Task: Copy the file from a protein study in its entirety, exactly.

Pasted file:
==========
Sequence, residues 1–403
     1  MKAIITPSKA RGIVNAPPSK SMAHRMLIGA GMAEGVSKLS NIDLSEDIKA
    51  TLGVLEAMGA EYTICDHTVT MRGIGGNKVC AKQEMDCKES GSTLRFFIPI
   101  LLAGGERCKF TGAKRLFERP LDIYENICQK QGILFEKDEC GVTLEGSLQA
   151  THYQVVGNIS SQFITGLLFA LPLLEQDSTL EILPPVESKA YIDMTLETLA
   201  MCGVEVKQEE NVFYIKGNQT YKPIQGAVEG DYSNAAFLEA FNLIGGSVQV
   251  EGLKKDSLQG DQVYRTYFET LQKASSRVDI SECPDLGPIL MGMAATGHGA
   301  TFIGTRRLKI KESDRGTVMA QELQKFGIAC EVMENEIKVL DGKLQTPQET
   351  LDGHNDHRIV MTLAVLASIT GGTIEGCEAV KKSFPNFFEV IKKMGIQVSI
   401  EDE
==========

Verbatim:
Sequence, residues 1–403
     1  MKAIITPSKA RGIVNAPPSK SMAHRMLIGA GMAEGVSKLS NIDLSEDIKA
    51  TLGVLEAMGA EYTICDHTVT MRGIGGNKVC AKQEMDCKES GSTLRFFIPI
   101  LLAGGERCKF TGAKRLFERP LDIYENICQK QGILFEKDEC GVTLEGSLQA
   151  THYQVVGNIS SQFITGLLFA LPLLEQDSTL EILPPVESKA YIDMTLETLA
   201  MCGVEVKQEE NVFYIKGNQT YKPIQGAVEG DYSNAAFLEA FNLIGGSVQV
   251  EGLKKDSLQG DQVYRTYFET LQKASSRVDI SECPDLGPIL MGMAATGHGA
   301  TFIGTRRLKI KESDRGTVMA QELQKFGIAC EVMENEIKVL DGKLQTPQET
   351  LDGHNDHRIV MTLAVLASIT GGTIEGCEAV KKSFPNFFEV IKKMGIQVSI
   401  EDE